Monopolizing the Health Care Agenda

May 21, 2009

Barack Obama is making health care reform a centerpiece of his 2009 legislative agenda. While refusing from the start to allow all options for health care reform to be on the agenda for discussion, he has also repeatedly stated his intent to compromise on each and every point of his proposal.

Firstly, Obama's so-called "reform" is oriented, from beginning to end, towards protecting the interests of big business. For example: 1) Rather than eliminating the parasitic insurance industry, Obama proposes mandating that every American buy private health insurance. 2) By requiring employers to pay only "a meaningful share" of health insurance premiums, Obama's plan will help many big monopolies cut workers' health benefits by shifting a greater percentage of premiums onto the shoulders of the workers. 3) By encouraging the growth of the large managed care firms, Obama's plan will further accelerate the monopolization of "for-profit" hospital and health care networks which will mean a reduction in quality of care for most workers, who will continue to be treated on an assembly line basis.

Yet the process of compromise, which Barack Obama is so eager to carry out, will only further pick apart and do away with any sympathetic features of Obama's proposal. For example, insurance lobbyists, while applauding Obama's reliance on private insurance, are working hard to guarantee that no caps are placed on premiums.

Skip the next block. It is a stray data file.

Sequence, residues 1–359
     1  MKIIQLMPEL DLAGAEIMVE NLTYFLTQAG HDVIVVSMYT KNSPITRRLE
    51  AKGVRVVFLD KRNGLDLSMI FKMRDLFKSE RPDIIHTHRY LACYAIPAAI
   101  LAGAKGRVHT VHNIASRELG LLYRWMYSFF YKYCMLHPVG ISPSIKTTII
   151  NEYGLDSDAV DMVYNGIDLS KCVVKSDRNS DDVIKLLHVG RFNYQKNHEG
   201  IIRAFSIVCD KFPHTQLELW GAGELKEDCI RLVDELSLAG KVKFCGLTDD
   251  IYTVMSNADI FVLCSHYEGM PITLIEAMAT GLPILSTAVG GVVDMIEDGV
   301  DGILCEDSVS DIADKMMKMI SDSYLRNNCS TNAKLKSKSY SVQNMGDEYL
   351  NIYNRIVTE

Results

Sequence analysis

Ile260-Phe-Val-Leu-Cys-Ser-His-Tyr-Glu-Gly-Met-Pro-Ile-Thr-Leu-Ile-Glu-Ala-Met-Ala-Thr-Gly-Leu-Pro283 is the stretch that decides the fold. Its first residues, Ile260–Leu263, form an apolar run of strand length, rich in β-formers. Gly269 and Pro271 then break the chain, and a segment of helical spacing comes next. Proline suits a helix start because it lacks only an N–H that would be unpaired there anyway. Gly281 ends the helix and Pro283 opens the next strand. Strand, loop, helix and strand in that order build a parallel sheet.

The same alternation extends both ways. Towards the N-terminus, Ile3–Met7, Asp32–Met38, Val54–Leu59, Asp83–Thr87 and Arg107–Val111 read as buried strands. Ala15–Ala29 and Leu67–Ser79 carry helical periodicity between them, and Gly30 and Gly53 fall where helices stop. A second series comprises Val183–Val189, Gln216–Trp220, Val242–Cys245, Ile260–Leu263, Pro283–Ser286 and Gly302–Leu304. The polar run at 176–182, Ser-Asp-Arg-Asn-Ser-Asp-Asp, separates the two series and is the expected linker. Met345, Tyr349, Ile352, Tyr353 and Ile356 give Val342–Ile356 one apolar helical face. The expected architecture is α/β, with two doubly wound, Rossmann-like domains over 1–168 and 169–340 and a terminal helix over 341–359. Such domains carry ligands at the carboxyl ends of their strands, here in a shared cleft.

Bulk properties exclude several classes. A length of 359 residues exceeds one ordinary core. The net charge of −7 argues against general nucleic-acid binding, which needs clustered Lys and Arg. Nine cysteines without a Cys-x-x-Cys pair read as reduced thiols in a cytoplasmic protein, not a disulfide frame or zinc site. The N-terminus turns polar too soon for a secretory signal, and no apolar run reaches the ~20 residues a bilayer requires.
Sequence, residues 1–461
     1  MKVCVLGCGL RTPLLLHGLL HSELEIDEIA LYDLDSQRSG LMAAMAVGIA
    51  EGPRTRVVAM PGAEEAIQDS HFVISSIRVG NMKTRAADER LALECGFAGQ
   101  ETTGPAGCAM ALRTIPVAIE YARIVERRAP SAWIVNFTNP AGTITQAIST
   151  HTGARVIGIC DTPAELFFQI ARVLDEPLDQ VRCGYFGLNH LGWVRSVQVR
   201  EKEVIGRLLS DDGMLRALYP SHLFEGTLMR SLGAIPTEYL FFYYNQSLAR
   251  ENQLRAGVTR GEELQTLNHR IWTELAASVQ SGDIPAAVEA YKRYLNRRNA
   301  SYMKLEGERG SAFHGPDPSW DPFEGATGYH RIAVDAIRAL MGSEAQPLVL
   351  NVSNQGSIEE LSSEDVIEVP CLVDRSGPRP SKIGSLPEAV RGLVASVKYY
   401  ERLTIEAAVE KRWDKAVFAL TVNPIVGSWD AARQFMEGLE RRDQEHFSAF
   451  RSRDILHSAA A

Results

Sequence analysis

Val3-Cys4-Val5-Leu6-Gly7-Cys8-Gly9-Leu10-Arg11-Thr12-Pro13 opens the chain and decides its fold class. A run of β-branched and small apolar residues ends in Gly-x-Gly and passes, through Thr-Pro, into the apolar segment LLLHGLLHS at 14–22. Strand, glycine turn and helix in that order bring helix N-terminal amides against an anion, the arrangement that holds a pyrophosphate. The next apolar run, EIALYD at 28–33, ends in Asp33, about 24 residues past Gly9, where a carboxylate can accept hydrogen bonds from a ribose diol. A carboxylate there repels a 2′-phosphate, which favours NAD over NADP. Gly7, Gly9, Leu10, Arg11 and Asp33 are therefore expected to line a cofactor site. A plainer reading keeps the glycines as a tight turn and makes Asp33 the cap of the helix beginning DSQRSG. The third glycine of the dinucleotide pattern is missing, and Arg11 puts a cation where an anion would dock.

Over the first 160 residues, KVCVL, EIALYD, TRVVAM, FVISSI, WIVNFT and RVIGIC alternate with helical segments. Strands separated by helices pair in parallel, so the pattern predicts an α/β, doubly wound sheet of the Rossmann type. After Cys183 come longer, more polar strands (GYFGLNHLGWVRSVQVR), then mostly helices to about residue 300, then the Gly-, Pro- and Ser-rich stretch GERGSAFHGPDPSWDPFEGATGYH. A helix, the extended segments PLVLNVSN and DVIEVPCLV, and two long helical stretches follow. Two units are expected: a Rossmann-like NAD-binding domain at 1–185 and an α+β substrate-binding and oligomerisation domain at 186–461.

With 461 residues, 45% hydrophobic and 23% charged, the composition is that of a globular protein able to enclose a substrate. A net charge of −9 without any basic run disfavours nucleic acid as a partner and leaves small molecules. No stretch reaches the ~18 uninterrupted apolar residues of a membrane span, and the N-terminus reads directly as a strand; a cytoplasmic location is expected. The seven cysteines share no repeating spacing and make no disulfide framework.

Obama's repeated emphasis on his willingness to compromise is because of his commitment to the current political set-up in which the drafting of the law of the land proceeds as a process of wheeling and dealing in Congressional committees and closed door meetings. Through this process, various sectors of the economic elite try to compromise over their competing interests. The extent of Political Action Committee (PAC) contributions to Congressmen reveal just how health care legislation is being bought and sold. During the 2008 elections HMO and pharmaceutical PACs alone contributed over $20 million to the campaign war chests of various Congressmen and Senators ( The biggest recipients of these donations are precisely the committee chairmen and other influential members of Congress who are involved in writing up health care legislation and working with Obama to arrive at "compromises."

Of course, in all this the voice and needs of the people are completely excluded. The people demand that Health Care is a Right, that good health and access to comprehensive medical care must be guaranteed free of charge to every member of society. But in order to make our voice heard, in order to implement our will we must break the monopoly which the big business interests and their bought-and-paid-for representatives in Congress are exercising over the health care agenda. In order to break that monopoly we can begin by creating a storm of discussion amongst the people about the problem and solutions to the present health care crisis.